You control the content. The other day I logged onto Facebook and read a status written by a girl with whom I graduated high school. It read: “Ate way too much Indian food last night. Spending Easter on the toilet.” Was it awkward, weird and TMI of her to share her bowel movements with 600 Facebook friends? Um, definitely. But the point is not to criticize her post, but rather the nature of the platform. With Facebook, your friend list is like a slightly updated version of your high school yearbook. Sure, it’s a great way to keep in touch with close friends and family, but you end up reading updates about random people you have no relation to anymore. Remember Ross, that guy you met at adventure camp back in 2007? Because you’re still Facebook friends, you somehow know all sorts of information about him, including that he just scored a TOTALLY AWESOME deal on eBay. And your mother’s second cousin Judi from Florida? She just ‘pinned’ a crocheted loofah to her Pinterest page. Riveting. But on Twitter it’s a one-way street — if someone follows you, you’re not automatically obligated to read about his or her life. You choose whomever you want to follow, no creepy strings attached.

Personally, when I want lightning-fast news, Twitter is my go-to source. It’s almost always up-to-speed with news that’s specifically tailored to my interests, whether that be celebrity news (I found out about Steve Jobs’ and Whitney Houston’s deaths on Twitter), business foreclosures, natural disasters or election results. You don’t have to be a prolific user to join in on the fun. Actually, you don’t have to tweet, retweet or reply to anyone at all. Just log on to the Twitter homepage, track the hashtags on almost any local or global topic and read away. (Word to the wise: Stay clear of the daily trending topics, unless you want to lose brain cells.) Reason #4 @WhyTwitterRules

It’s a great networking resource.

Facebook is great for keeping in touch with friends, families and colleagues, but sometimes you need to take a break from reality and catch up with the Kardashians (JK!). There’s no better place than Twitter to do this. Perhaps one of Twitter’s biggest draws is its ability to connect CEOs, celebrities, athletes and comedians with mere plebeians. Unlike Facebook, where celebrity’s pages are usually run by PR reps, Twitter accounts are usually run by the person themself. So post links, engage in conversations and network with people and companies who you find interesting or can relate to. Also, as silly as it sounds, Twitter is an excellent opporReason #3 @WhyTwitterRules tunity to build your personal brand, so treat your profile It’s a breaking news source. like a business card and your feed like an ongoing portfolio. You never know if one of your followers will retweet an At this point you may say, “Okay, sure, but why should I opening for your dream job, or even more life-affirming: join Twitter if I don’t have anything to say?” As it turns out, you don’t have to broadcast your own Kim Kardashian might even retweet you. thoughts to be a savvy Twitter user. In fact, lots of people Reason #5 @WhyTwitterRules don’t tweet at all, but rather use it as an alternative RSS feed to get quick and personalized news bits. Farmville doesn’t exist in the Twitterverse. Last May, Twitter leaked the news of Osama bin LadNeed I say more? en’s death 20 minutes before mainstream news outlets did. That set a remarkable precedent for social media’s role in Soldner is a sophomore public relations major and copy editor of The Spectator. the news industry.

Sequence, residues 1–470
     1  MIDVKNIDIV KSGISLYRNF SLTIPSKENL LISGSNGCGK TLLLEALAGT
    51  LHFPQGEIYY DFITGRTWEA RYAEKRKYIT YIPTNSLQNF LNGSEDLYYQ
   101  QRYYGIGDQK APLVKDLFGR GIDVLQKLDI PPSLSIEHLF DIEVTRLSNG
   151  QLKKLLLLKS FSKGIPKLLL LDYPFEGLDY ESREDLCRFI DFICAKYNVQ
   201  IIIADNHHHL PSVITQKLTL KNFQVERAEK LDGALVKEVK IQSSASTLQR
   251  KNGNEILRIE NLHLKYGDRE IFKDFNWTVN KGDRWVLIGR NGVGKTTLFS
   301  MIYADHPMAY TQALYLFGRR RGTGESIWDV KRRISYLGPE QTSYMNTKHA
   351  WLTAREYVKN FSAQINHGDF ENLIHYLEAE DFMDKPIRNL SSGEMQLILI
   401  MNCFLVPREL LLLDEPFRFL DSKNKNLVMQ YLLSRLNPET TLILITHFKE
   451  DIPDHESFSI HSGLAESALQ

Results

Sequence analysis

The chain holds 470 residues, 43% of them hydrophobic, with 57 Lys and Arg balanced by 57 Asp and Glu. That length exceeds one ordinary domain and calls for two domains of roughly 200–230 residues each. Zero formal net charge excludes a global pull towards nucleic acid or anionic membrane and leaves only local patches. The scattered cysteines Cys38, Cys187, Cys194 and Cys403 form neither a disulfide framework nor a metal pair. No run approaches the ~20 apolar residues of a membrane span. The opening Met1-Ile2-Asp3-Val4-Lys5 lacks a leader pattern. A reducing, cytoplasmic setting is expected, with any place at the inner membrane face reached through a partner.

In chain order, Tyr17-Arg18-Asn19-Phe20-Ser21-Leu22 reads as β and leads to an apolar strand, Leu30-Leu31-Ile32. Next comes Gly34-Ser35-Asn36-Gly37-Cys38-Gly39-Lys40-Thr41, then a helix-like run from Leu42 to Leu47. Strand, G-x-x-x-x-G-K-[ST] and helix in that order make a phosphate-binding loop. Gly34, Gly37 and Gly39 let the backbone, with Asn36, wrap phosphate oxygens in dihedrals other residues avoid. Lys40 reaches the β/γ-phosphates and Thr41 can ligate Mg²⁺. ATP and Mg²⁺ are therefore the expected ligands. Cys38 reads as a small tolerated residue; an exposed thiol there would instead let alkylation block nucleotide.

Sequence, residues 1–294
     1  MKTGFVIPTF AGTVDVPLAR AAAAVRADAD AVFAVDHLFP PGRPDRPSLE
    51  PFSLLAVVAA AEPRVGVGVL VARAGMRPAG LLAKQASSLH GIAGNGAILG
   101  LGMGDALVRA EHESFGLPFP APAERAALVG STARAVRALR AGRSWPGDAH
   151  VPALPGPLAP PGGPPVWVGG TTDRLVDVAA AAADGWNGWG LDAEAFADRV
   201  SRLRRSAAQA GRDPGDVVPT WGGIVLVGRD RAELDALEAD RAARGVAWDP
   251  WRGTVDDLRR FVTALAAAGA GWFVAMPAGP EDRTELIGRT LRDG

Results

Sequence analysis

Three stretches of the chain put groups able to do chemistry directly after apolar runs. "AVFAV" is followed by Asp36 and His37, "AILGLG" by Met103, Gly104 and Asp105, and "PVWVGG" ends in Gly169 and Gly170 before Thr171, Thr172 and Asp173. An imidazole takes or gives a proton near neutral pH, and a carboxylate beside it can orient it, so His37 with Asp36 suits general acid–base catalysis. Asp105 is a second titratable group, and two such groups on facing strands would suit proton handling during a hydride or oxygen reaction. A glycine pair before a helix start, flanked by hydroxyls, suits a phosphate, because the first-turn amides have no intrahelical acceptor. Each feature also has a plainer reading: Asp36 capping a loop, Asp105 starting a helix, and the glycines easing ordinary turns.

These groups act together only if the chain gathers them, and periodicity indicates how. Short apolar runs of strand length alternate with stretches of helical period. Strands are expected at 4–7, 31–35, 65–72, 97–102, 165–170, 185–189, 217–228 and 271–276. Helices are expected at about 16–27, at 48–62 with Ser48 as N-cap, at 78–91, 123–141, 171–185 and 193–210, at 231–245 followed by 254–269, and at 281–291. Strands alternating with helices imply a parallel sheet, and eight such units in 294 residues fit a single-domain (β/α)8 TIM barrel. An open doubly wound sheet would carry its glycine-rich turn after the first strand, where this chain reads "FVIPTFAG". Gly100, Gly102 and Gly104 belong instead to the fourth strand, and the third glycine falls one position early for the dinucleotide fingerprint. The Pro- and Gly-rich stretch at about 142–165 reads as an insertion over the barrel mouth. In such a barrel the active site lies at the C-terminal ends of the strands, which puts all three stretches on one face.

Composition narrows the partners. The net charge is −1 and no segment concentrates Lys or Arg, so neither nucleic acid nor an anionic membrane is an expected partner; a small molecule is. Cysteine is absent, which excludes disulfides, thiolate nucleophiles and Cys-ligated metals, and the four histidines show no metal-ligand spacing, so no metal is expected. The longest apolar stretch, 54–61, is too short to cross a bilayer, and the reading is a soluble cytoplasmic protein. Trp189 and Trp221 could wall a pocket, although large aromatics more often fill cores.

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6B • Thursday, April 12, 2012

Editor: Haley Zblewski

Students involved in interfaith immersion trip bring lessons back to Eau Claire By Haley Zblewski NEWS EDITOR

Over spring break, 45 students went on an interfaith immersion trip to Philadelphia. The students got the chance to visit the worship places of Sikhs, Hindus, Buddhists, Quakers, Muslims and other religious groups. Professor of religious studies Steve Spina created the trip. He wanted to spread the idea that people from all religions, be they Muslim, Christian, atheist or agnostic, can and should work together to create good rather than let themselves be divided, Spina said.

“That idea of equality for everyone, regardless of where they come from was just really awesome to see.” David Burish Student Coordinator

“There are so many things happening in the name of religion that are not helpful, that are divisive,” he said. “Since 9/11 we are now learning that religion plays an exponential role in culture and in politics, both domestically and internationally.” A challenge for change Race was the issue that divided America in the 20th century, as seen in the Civil Rights Movement. W.E.B. DuBois called this the color line. Spina said he believes that the issue Americans face in the 21st century is that of the faith line. “Right now, the question is ‘Which line will we be on?’” he said. This is where the idea of interfaith cooperation comes in, Spina said. This idea, along with a na-